The article concludes with the following observation: “The letter comes at a time when Zelaya is expressing his unhappiness with the Obama administration.”

Poor Manuel Zelaya is being taken for a roller coaster ride by a U.S. State Department that can’t seem to figure out whether he’s a good guy or a bad guy.  What’s worse, the State Department’s most recent letter effectively blames Zelaya for the “provocative actions” that led to the resulting “confrontation” in Honduras, but so far the Obama Administration has not revoked its most recent punitive measures against the tiny democracy.

Why is the U.S. punishing tiny Honduras for legally ousting a power obsessed autocrat when the State Department holds the same man responsible for provoking the crisis that caused his ouster?

It takes a special kind of mindset to entertain two contradictory ideas at the same time – I think George Orwell called this strange ability “doublethink.”


Last week on Thursday the Miami Herald carried a story with the following headline from AP: “US cuts aid to Honduras in support of ex-leader.”  The story described the outcome of meeting last week between ousted Honduran leader Manuel Zelaya and Secretary of State Hillary Clinton.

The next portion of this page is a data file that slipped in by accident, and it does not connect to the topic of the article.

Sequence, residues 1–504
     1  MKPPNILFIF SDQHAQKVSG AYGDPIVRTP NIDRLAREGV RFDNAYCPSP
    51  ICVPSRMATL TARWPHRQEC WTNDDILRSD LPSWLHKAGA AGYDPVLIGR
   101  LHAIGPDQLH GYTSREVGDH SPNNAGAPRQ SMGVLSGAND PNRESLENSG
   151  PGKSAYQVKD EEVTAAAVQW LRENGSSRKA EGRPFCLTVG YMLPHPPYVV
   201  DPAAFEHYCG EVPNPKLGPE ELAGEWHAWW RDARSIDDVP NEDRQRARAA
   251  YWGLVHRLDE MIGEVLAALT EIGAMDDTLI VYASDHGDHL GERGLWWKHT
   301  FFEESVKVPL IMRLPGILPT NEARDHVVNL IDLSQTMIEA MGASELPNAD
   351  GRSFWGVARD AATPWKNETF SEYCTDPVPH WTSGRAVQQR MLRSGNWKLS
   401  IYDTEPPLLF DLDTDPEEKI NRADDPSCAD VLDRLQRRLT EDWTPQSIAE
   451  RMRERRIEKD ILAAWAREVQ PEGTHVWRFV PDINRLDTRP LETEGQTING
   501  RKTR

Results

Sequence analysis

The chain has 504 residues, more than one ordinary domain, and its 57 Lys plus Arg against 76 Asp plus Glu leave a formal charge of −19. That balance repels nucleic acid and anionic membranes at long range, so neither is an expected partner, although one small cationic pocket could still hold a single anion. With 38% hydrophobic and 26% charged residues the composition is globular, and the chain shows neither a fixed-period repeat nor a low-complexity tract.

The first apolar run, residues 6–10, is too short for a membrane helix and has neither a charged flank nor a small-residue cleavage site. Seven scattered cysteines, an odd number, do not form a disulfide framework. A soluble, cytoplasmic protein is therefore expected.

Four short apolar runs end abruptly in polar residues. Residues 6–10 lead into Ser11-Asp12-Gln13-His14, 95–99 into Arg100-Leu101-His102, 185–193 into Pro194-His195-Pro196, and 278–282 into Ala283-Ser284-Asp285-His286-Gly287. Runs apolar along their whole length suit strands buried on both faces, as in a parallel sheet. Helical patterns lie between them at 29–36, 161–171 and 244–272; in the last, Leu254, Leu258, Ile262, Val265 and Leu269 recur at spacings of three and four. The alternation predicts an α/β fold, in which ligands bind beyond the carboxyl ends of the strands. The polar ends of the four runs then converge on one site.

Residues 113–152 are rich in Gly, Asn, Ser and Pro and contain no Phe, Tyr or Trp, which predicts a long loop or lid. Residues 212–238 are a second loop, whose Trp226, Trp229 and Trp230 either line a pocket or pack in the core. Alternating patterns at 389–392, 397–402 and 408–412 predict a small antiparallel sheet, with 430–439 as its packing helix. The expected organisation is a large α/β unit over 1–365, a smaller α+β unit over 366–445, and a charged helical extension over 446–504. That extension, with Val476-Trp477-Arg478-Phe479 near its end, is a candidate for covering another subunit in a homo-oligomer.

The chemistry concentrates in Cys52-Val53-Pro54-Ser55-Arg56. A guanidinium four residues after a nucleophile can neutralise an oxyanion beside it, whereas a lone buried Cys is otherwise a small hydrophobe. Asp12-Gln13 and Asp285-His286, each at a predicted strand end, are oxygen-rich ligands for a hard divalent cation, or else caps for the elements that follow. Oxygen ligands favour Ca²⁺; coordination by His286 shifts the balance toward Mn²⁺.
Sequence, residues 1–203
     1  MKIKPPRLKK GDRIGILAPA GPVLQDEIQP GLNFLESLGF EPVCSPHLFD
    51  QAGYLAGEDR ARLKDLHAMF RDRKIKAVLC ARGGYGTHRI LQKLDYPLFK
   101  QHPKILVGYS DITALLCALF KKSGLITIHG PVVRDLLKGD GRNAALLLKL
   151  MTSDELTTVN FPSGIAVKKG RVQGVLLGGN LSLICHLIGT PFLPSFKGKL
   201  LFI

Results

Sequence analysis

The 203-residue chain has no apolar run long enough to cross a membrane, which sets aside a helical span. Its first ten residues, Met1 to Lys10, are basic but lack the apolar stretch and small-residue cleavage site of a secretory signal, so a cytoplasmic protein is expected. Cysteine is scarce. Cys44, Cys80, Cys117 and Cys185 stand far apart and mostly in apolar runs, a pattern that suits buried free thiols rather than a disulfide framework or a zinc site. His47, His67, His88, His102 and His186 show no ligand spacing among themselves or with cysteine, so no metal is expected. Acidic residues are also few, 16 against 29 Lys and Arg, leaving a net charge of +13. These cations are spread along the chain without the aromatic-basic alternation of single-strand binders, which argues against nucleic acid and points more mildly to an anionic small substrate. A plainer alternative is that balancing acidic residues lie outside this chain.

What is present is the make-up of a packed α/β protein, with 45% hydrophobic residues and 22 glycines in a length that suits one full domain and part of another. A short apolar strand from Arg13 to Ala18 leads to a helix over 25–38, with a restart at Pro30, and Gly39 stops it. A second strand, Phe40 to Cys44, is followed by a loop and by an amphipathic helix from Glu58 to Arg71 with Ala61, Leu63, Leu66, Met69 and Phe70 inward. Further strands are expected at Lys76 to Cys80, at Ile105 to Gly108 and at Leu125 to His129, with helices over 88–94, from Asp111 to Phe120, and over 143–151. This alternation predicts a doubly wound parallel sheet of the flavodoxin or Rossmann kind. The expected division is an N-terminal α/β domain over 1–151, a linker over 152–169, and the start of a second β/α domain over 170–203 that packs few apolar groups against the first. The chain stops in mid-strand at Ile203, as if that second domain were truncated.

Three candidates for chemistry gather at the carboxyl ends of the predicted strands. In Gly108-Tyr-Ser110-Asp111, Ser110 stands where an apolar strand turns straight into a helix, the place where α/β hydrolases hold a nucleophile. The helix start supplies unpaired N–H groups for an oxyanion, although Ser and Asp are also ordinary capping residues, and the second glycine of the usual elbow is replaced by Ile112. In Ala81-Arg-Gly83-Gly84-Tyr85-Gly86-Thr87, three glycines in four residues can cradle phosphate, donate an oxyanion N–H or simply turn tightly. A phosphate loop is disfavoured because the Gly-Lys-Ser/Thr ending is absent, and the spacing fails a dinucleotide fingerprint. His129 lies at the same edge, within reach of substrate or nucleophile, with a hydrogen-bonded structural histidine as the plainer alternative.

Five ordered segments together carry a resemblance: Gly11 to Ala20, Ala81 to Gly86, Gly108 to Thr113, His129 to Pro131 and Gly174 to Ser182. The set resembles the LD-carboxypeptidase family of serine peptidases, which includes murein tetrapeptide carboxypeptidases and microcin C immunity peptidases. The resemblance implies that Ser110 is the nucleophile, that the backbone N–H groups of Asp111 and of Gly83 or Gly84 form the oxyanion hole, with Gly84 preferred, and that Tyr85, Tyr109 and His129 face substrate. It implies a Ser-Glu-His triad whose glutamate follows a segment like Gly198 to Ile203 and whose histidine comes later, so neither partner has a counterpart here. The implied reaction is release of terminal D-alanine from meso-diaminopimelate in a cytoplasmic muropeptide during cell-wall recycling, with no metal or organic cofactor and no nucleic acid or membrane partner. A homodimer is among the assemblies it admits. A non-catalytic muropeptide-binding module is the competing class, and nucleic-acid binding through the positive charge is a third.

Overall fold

In the article Zelaya expresses his relief at learning of millions of dollars in rigid new U.S. aid cuts designed to punish the current Micheletti government in Honduras.  State Department spokesman Ian Kelly defended what he called the “strong” new measures against Honduras, which included revoking the U.S. visas of various Honduran officials and terminating most visas issued at the U.S. embassy in Honduras:
“The secretary of state has made the decision, consistent with U.S. legislation, recognizing the need for strong measures in light of the continued resistance to the adoption of the San Jose Accord by the de facto regime and continuing failure to restore democratic, constitutional rule to Honduras.”
The overjoyed Zelaya was quoted as saying: “It is gratifying that the United States has taken a strong position against the coup.”